GAO Report: FDA’s Food Recall Process Needs Strengthening

August 5, 2012

By Riëtte van Laack

The U.S. Government Accountability Office ("GAO") released a report on FDA’s  food recall process prepared in response to a congressional directive in the Food Safety Modernization Act ("FSMA"), which provided FDA with mandatory recall authority for foods.  In evaluating FDA’s implementation, the GAO considered how other government entities with recall authority, such as the Consumer Product Safety Commission, handle recalls and advise the public.

Since FSMA was enacted in 2011 and therefore FDA’s mandatory recall authority is relatively new, there is no information about an actual mandatory recall of food.  Moreover, although FDA has had mandatory recall authority for other product categories such as medical devices, the Agency has rarely used that authority.  Nevertheless, GAO developed some recommendations for FDA to more effectively implement and strengthen its new mandatory recall authority.  Specifically, GAO recommends that FDA:

  • publish its currently internal document describing the steps it takes to order a food recall;
  • document its process for ordering food recalls in regulations or guidance, including the process of weighing whether a recall is warranted and whether the standard of proof for a mandatory recall is met;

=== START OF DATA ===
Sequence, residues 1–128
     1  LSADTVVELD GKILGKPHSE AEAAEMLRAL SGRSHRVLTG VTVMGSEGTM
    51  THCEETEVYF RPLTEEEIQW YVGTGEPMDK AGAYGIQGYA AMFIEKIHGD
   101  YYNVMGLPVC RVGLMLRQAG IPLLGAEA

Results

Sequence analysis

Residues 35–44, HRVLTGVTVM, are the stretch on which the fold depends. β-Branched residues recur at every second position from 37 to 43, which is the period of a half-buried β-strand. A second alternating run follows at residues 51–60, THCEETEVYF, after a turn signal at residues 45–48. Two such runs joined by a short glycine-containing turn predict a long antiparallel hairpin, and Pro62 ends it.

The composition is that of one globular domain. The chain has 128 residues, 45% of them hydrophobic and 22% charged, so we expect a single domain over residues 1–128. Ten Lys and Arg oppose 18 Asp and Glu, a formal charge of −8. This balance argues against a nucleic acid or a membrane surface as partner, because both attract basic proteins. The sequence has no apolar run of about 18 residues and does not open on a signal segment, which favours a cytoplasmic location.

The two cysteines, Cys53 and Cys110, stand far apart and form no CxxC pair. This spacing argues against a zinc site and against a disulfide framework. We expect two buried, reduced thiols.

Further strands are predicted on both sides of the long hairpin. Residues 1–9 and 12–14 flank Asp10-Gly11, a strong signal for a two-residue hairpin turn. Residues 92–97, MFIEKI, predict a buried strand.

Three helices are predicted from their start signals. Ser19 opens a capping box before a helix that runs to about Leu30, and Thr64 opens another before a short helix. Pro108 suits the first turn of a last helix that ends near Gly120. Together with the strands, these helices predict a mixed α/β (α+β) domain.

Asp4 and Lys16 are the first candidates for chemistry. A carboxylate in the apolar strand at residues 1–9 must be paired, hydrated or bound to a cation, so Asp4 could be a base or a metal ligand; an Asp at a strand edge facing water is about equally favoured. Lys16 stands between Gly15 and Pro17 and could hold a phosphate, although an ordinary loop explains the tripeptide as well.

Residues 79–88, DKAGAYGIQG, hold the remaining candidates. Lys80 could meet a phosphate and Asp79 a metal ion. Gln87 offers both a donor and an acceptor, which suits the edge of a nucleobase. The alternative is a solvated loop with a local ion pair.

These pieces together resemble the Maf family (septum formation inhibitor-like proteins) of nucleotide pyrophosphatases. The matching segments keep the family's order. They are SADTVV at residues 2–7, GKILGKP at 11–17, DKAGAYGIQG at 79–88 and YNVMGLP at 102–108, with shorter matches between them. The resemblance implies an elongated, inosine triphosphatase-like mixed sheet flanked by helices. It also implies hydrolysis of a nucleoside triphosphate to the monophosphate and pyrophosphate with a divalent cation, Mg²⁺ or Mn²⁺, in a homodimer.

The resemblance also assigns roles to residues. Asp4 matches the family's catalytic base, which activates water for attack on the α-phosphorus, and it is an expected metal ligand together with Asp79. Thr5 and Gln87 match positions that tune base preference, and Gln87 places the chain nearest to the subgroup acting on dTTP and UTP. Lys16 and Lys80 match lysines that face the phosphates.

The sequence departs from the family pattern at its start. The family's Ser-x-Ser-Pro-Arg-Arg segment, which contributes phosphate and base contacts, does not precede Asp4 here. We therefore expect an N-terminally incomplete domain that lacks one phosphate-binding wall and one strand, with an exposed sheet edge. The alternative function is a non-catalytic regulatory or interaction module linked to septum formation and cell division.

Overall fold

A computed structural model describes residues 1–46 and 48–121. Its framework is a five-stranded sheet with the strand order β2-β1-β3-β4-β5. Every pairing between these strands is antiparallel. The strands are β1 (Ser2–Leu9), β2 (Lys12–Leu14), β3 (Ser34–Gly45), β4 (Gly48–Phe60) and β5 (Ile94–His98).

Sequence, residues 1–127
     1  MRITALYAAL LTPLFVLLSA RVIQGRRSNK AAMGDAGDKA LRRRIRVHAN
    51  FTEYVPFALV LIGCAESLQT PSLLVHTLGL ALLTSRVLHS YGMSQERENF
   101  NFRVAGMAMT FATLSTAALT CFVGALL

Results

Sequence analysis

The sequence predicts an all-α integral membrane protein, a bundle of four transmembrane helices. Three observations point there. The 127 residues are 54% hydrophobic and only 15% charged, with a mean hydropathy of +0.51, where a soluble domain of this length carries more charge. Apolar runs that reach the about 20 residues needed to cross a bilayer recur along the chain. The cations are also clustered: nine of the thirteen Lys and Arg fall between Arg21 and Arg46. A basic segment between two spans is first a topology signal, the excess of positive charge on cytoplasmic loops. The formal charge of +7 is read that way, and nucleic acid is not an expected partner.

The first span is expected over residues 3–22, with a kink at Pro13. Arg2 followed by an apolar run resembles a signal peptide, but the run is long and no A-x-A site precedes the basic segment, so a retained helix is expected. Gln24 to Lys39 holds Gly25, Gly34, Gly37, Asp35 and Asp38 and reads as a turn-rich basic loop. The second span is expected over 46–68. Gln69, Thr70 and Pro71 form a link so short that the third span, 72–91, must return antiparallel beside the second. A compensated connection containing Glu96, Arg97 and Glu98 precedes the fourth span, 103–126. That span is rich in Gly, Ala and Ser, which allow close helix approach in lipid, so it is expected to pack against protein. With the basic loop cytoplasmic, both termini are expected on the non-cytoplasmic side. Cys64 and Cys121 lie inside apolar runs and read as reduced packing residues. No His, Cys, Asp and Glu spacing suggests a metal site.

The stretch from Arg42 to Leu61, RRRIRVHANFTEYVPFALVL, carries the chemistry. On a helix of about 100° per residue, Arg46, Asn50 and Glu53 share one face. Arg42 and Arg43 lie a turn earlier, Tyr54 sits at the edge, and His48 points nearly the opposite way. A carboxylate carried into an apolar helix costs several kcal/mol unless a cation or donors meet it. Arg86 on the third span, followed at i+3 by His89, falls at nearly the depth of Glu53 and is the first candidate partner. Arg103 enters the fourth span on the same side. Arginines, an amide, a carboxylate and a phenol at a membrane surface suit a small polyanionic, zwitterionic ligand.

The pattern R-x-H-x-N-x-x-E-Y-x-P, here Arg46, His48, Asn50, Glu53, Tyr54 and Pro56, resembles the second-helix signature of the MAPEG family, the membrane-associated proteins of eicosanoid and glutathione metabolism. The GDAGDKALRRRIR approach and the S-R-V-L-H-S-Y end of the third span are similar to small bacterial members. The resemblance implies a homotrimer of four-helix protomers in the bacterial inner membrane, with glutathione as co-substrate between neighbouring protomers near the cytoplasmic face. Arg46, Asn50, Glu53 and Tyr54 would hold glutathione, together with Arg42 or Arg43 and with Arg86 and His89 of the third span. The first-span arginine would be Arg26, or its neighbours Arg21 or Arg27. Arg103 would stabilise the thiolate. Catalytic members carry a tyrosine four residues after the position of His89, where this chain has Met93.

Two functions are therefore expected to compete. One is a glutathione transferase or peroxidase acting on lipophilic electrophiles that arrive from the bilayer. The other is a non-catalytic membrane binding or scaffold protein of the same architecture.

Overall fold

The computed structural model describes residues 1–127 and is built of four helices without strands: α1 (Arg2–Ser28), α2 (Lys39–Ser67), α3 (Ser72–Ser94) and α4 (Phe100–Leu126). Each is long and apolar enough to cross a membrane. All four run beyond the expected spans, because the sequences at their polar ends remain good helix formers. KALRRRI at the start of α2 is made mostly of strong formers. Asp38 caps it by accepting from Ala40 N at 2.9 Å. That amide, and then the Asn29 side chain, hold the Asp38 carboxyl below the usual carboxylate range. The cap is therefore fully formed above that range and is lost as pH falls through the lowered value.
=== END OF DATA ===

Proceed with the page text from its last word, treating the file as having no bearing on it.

• define categories of ordered recalls in FDA’s central recall database;
  • determine and implement ways to improve the sharing of information among databases that contain recall information.

GAO also examined the challenges FDA faces in advising the public about food recalls or outbreaks of foodborne illness.  GAO acknowledged that FDA faces a number of communication challenges when advising the public about food recalls or outbreaks of foodborne illness, ranging from balancing technical accuracy with timeliness of communications, to coordinating messages with other agencies and meeting the needs of diverse public audiences.   For example, a delay in communication can result in more illnesses and deaths, but a premature communication can trigger major financial losses for the food industry and deter the consumption of certain healthful foods.  GAO further recognized that FDA has taken steps to begin meeting these challenges, but concluded that FDA has yet to fully address recommendations from the GAO and others to fashion a comprehensive food recall communication policy and related implementation plans.  

GAO recommends that FDA implement recommendations from others to address FDA communication challenges when advising the public about food recalls and outbreaks. Specifically, GAO recommends that FDA:

  • develop a policy for communications during emerging events;
  • implement a coordinated plan for crisis communication; and
  • consult with USDA on USDA’s experiences in advising consumers about recalls and determine whether those experiences may be helpful for FDA.

Although a significant part of the report is devoted to a discussion of possible options to compensate the food industry for erroneously ordered recalls, the report does not include a specific recommendation for a mechanism.